Now, the district is giving the company over $40,000 to monitor the social media accounts of all of its middle and high school students. Why? According to CNN, they'll be looking for references to "violence, drug use, bullying, truancy and suicidal threats." The firm insists that they look only at public posts and do not report anything having to do with negative comments about school, teachers or classes.
Still, critics of the decision to hire the company say that it's an invasion of privacy, and equate it to stalking kids online. But in a state that has cut mental health spending in schools, is it worth it?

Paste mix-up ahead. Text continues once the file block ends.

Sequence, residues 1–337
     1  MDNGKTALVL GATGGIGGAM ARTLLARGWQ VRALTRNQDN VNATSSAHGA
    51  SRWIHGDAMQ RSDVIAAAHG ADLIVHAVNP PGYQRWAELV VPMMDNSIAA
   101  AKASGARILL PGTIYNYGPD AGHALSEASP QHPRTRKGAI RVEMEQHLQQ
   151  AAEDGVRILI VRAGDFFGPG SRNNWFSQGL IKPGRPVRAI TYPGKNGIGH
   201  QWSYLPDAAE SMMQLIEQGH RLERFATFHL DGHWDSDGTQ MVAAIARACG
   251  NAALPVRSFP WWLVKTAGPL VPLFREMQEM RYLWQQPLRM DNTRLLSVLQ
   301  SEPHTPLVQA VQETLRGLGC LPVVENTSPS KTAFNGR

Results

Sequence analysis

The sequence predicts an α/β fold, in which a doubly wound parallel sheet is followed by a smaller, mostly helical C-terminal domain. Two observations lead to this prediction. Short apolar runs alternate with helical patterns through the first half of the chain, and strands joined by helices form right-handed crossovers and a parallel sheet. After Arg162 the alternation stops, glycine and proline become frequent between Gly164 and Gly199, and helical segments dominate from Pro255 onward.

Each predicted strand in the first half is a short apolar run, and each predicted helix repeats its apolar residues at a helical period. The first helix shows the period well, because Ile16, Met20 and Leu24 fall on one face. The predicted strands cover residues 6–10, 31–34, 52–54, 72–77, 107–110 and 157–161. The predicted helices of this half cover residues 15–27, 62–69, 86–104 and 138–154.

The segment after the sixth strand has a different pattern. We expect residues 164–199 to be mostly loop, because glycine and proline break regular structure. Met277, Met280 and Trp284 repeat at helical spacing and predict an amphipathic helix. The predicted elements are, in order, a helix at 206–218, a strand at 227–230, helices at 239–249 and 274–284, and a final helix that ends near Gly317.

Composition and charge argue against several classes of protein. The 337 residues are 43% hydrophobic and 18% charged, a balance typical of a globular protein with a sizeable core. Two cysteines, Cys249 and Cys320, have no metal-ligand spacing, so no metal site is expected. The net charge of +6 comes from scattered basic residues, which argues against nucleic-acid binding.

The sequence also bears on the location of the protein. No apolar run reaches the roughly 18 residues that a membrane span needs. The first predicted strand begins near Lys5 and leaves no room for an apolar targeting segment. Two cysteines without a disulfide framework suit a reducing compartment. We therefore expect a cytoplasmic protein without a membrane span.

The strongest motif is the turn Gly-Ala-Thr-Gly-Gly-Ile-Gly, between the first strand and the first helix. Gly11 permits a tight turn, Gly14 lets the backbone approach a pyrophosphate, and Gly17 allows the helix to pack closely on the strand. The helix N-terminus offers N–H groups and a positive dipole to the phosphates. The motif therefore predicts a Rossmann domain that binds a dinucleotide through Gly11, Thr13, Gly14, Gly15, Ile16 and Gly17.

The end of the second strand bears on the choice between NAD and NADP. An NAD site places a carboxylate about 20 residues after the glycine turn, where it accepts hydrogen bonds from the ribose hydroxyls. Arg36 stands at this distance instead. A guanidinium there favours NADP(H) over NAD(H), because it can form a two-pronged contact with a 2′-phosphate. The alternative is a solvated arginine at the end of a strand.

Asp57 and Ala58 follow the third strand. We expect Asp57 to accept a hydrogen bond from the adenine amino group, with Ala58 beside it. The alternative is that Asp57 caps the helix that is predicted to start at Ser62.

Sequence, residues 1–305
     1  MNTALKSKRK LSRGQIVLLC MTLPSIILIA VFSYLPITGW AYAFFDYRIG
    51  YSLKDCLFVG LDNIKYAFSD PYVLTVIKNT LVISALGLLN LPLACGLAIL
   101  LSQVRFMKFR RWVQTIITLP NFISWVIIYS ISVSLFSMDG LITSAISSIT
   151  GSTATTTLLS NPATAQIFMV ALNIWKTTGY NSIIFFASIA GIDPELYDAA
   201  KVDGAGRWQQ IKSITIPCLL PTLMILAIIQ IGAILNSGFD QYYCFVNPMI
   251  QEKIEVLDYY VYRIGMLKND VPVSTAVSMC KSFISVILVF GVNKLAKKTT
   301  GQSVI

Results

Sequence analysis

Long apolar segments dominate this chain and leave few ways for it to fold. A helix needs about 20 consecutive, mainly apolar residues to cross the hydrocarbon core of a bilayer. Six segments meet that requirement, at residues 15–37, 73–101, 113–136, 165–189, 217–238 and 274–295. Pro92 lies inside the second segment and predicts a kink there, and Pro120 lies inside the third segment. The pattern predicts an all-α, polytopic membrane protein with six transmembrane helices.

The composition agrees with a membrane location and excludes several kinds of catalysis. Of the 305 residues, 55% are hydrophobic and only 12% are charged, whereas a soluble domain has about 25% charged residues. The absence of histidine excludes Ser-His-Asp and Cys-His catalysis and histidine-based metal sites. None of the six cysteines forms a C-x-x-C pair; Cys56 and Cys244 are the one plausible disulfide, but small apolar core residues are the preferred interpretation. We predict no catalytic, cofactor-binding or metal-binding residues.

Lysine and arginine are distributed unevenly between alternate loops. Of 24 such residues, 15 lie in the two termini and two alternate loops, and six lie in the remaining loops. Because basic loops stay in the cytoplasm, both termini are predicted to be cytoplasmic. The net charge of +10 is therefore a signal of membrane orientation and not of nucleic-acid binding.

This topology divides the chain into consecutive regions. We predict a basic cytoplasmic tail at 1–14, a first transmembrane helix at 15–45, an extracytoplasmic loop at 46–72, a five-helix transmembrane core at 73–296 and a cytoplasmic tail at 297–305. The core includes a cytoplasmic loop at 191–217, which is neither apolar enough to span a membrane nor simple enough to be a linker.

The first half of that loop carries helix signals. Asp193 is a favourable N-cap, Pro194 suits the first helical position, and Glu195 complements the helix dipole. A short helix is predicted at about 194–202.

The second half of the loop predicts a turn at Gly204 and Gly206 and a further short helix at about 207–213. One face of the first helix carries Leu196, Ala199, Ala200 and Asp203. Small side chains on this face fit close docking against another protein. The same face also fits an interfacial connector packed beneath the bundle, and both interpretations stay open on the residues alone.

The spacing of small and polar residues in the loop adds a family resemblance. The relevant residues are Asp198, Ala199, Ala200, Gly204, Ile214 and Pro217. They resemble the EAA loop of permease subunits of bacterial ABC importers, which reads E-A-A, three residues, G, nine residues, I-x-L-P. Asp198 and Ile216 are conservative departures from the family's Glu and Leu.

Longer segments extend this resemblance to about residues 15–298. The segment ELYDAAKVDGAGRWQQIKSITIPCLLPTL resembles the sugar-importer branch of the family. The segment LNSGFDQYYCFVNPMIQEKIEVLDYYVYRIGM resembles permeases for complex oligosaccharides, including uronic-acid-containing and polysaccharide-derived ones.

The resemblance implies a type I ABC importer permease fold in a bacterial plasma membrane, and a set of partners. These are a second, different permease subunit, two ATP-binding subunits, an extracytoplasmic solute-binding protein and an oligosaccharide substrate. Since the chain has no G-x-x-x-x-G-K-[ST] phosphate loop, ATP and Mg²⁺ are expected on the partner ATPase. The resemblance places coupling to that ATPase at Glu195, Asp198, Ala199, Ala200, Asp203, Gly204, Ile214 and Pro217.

Tell us what you think in the comments. Would you be OK with your school doing this?
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Last spring, a school district outside Los Angeles paid a firm $5,000 to conduct a pilot social media monitoring program of 9,000 of its students. The firm discovered that one student posted frequently about ending his life, and the school district, which had experienced two student suicides in the last two years, was able to get the boy the mental health help he needed.